Former Colorado deputies get prison for detox van death

BOULDER (Colo.) -- Two ex-cops from Colorado were sentenced Thursday to prison for causing the death a man intoxicated by placing him on his stomach, and forcing him to get into a van to transport him to a detox facility.

Former Colorado deputies get prison for detox van death

BOULDER (Colo.) -- Two ex-cops from Colorado were sentenced Thursday to prison for causing the death a man intoxicated by placing him on his stomach, and forcing him to get into a van to transport him to a detox facility.

For the 2018 death, 23-year old Demetrius Shankling's death, former Boulder County sheriff's deputy officers Adam Lunn and James O'Brien were sentenced to six and three years, respectively. O'Brien, Lunn were convicted in August of manslaughter.

According to an arrest warrant, the man was 6 feet tall (1.8 meters tall) and placed his hands behind his back in a compartment less than 5 feet (1.55 meters) in length. O'Brien, Lunn, and Shankling had to push on the compartment door to seal it. Shankling's leg was then stuck against the interior of the door.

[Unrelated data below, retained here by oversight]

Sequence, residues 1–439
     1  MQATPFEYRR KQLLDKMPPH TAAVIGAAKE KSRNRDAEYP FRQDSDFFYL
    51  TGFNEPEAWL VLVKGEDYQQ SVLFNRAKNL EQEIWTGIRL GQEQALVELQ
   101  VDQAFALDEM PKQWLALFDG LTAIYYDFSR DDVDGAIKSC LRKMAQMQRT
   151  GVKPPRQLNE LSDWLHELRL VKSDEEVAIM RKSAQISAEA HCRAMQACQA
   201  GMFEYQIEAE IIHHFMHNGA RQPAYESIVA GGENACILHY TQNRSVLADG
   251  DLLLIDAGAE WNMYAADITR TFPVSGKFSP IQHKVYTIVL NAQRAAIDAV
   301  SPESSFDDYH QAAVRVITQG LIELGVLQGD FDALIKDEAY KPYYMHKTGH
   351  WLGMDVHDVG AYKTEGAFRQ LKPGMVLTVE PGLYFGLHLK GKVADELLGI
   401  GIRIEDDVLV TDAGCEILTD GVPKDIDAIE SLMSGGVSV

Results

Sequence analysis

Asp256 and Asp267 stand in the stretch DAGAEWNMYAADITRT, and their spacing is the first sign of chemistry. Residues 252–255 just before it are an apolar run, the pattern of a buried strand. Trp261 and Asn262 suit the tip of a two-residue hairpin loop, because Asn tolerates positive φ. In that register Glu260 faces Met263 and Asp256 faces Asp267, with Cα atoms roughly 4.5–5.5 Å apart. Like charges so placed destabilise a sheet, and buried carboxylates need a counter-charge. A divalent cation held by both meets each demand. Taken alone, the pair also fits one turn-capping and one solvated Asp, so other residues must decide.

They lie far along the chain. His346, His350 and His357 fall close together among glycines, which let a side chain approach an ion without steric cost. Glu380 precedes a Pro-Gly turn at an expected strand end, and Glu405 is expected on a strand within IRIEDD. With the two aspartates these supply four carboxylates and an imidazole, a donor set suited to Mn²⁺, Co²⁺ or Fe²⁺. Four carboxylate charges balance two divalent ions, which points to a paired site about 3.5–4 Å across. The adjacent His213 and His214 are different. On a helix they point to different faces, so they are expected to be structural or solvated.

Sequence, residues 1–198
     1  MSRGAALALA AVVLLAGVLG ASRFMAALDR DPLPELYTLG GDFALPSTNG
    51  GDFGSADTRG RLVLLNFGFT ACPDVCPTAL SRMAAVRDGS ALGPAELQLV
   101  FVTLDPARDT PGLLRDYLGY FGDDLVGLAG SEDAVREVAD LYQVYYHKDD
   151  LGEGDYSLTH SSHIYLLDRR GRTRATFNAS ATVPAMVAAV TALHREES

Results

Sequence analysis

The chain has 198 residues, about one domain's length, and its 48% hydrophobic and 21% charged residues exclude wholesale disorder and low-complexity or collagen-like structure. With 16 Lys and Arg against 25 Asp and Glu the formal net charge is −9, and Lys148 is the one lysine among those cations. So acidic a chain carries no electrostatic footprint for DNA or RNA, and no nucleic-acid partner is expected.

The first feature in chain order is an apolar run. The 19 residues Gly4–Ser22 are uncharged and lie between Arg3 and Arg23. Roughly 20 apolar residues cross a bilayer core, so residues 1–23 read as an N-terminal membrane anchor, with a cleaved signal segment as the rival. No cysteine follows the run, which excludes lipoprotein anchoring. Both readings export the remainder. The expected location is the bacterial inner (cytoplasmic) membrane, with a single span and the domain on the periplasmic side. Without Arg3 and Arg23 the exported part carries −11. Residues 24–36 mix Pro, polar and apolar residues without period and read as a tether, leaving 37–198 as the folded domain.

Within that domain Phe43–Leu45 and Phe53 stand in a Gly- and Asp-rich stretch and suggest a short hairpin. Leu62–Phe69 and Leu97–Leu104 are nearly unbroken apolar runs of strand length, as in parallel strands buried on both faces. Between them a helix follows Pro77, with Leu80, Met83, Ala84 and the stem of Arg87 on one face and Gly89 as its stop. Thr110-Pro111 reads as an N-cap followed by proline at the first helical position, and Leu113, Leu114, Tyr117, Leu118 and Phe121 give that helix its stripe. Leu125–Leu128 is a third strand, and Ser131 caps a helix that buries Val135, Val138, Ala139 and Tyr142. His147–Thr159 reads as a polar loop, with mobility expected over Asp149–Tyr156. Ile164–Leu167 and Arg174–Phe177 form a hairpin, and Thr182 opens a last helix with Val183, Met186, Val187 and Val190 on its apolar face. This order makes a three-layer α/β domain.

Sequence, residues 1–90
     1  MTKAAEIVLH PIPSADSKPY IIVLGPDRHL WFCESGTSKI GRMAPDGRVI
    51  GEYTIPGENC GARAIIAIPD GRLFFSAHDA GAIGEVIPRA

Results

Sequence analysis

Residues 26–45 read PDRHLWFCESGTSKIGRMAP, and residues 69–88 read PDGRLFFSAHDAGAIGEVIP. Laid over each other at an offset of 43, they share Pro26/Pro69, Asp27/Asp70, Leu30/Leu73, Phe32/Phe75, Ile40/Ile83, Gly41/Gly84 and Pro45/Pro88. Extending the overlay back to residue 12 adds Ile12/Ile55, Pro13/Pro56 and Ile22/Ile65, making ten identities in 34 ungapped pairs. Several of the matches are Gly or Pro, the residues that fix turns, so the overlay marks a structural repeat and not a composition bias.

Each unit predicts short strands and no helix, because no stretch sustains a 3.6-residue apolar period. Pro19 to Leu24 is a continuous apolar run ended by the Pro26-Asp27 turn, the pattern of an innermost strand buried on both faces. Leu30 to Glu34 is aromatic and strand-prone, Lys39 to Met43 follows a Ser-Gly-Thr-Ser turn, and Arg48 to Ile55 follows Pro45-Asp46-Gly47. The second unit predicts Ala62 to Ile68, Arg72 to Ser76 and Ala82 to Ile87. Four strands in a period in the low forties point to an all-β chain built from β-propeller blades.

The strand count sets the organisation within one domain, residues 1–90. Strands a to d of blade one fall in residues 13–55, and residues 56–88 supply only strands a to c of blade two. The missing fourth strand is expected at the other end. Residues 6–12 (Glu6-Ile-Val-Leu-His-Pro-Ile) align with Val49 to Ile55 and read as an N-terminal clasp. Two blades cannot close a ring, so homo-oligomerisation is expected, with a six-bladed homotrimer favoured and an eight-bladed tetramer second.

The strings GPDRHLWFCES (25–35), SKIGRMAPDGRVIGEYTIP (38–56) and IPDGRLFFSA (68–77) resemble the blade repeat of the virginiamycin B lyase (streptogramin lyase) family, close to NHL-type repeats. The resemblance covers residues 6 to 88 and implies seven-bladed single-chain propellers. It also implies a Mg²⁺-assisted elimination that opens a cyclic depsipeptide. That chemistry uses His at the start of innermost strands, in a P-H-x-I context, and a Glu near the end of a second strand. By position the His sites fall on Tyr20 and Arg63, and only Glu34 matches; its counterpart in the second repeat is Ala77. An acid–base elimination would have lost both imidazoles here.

Shankling was not breathing when they arrived at the detox center in the wee hours of September 9, 2018. After spending 27 days in a deep coma, he died.

An autopsy revealed that Shankling died from suffocation due to his position, which was also a contributing factor.

Joe Pelle, Boulder County Sheriff, released a statement Thursday describing the death as "a tragedy for everyone involved".

"I am certain of one thing: this death didn't have to happen. He said that he was also certain that the former deputies did not intend to cause any harm. "I'm confident that we took all necessary steps to ensure accountability and transparency throughout this process. We trusted the justice system to deliver a just result, and we believe that it was.

Jurors were told by the prosecution that O'Brien, Lunn and their positional asphyxia training was ignored and that they acted recklessly. The defense countered that former deputies who were on an additional shift at the same time were not familiar with the van.

Because students had just returned from Colorado, the sheriff's office was responsible for taking them to detox. However, city and university police wanted their officers to remain on patrol.

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